To avoid Manila’s congested roads completely, another option is the Metro’s commuter trains. There are three light rail transit lines within the Metro: LRT-1, LRT-2, and MRT-3 (or simply “MRT”). The LRT-2 is the most comfortable of the three, as the other two lines run through busier areas of Manila and therefore, get much more crowded. While taking the train allows you to avoid road traffic, you’ll be standing shoulder-to-shoulder with fellow commuters on busier hours of the day. Another downside to Manila’s trains is that unless your point of departure and your destination are close to a metro station (there aren’t many), then you will likely have to combine this with another mode of public transport such as a jeepney, bus, or tricycle ride.

Metro Manila LRT
Metro Manila LRT | © Fabio Achilli / Flickr

Jeepneys

Upside: very affordable. Downside: not the most comfortable. The infamous jeepney is recognized as the Philippines’ “King of the Road,” and traveling via this colorful national symbol is a cultural experience in itself. If you don’t mind being exposed to Manila’s dust and smoke amidst the country’s heat and humidity, then you might enjoy a jeepney ride. If you opt to go down this somewhat tricky road, make sure you read our guide to riding a jeepney in the Philippines.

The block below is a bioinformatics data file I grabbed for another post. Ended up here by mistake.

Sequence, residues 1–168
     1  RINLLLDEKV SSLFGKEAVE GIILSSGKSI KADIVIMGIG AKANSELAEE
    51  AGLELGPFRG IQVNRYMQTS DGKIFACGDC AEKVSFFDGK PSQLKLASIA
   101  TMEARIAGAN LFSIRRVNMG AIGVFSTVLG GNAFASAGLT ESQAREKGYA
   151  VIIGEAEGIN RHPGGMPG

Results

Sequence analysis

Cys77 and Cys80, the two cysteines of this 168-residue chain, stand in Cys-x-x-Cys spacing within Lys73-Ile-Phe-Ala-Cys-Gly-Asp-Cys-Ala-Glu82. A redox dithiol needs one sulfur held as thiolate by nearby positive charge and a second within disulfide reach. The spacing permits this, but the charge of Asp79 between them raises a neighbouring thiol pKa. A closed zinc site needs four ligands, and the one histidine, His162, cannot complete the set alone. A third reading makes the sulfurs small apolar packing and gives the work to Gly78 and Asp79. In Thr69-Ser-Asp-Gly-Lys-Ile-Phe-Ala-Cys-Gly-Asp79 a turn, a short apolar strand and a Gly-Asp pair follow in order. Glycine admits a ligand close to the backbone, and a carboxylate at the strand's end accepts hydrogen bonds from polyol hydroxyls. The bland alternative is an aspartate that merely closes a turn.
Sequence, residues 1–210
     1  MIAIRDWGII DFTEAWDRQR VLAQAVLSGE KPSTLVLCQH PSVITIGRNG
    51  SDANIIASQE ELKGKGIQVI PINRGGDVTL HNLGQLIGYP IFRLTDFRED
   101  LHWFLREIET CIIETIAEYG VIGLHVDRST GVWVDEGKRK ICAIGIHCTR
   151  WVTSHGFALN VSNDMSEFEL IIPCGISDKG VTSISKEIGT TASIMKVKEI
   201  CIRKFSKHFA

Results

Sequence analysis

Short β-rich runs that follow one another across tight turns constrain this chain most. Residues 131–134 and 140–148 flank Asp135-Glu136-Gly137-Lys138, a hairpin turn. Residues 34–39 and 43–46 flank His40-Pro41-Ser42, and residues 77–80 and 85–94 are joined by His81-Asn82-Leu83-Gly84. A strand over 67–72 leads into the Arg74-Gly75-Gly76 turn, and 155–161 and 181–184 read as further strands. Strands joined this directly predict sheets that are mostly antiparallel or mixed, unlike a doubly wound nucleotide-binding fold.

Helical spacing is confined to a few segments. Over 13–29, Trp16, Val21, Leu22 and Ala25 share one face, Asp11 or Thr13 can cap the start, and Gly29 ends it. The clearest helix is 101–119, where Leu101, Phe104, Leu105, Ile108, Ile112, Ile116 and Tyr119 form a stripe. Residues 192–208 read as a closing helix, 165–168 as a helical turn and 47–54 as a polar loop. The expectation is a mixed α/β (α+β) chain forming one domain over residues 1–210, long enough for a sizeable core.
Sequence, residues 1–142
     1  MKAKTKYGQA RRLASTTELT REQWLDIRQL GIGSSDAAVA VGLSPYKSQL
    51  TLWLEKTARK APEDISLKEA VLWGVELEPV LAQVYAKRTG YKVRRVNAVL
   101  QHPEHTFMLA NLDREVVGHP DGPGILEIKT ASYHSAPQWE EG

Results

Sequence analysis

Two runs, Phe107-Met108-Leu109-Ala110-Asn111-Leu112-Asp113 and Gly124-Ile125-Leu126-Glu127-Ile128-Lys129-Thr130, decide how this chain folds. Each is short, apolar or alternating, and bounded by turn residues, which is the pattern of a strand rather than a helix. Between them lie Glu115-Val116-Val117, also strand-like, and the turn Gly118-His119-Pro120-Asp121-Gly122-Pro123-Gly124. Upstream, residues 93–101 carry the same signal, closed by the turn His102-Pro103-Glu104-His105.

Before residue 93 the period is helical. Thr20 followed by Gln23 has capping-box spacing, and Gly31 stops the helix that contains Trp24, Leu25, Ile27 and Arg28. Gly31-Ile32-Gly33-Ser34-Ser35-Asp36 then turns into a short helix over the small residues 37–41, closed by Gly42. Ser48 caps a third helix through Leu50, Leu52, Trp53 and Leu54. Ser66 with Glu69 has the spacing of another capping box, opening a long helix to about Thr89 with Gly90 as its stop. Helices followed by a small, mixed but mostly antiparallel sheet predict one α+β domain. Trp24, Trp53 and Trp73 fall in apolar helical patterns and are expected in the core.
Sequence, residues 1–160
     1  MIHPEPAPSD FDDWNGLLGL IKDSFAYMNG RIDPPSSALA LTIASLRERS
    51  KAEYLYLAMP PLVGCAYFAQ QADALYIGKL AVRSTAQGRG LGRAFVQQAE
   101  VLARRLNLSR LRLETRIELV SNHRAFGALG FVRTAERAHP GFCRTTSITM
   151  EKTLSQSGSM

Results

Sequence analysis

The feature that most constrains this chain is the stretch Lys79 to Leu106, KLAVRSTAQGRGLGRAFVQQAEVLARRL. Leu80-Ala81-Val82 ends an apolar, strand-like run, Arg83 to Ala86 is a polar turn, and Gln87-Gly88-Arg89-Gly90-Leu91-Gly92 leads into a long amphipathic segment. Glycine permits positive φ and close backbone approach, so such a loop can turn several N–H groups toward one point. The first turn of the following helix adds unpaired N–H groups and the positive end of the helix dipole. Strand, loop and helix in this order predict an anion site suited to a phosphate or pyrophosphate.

Jeepney in Legazpi, Philippines
Jeepney in Legazpi, Philippines | © OlegD / Shutterstock

The Driver Route

You’ve been warned: Do not drive in Metro Manila. But if for some reason, this option becomes unavoidable during your trip and you absolutely must drive, here are some tips and reminders to keep in mind.

Take note of coding restrictions

In an attempt to alleviate road congestion, most of Metro Manila implements a number-coding scheme that prohibits vehicles (except motorcycles) from traveling for most of the day, once a week, depending on their plate numbers. In a nutshell, from 7 AM to 8 PM, vehicles with plate numbers ending in one and two aren’t allowed out on Mondays, those ending in three and four are prohibited on Tuesdays, five and six on Wednesdays, seven and eight on Thursdays, and nine and zero on Fridays.

Manila road with minimal traffic
Manila road with minimal traffic | © Pawel Loj / Flickr

This system is made more complicated by some roads where the coding scheme doesn’t apply at all and things like “window hours” (a few hours in the middle of the day when prohibited vehicles are allowed out), which some cities allow, while others don’t. These window hours vary depending on the city. The traffic schemes change so frequently that unless you live in the Metro, where staying current is vital to your daily commute, then it’s nearly impossible to keep track. Ask about these hours upon arrival to learn about any recent traffic advisories.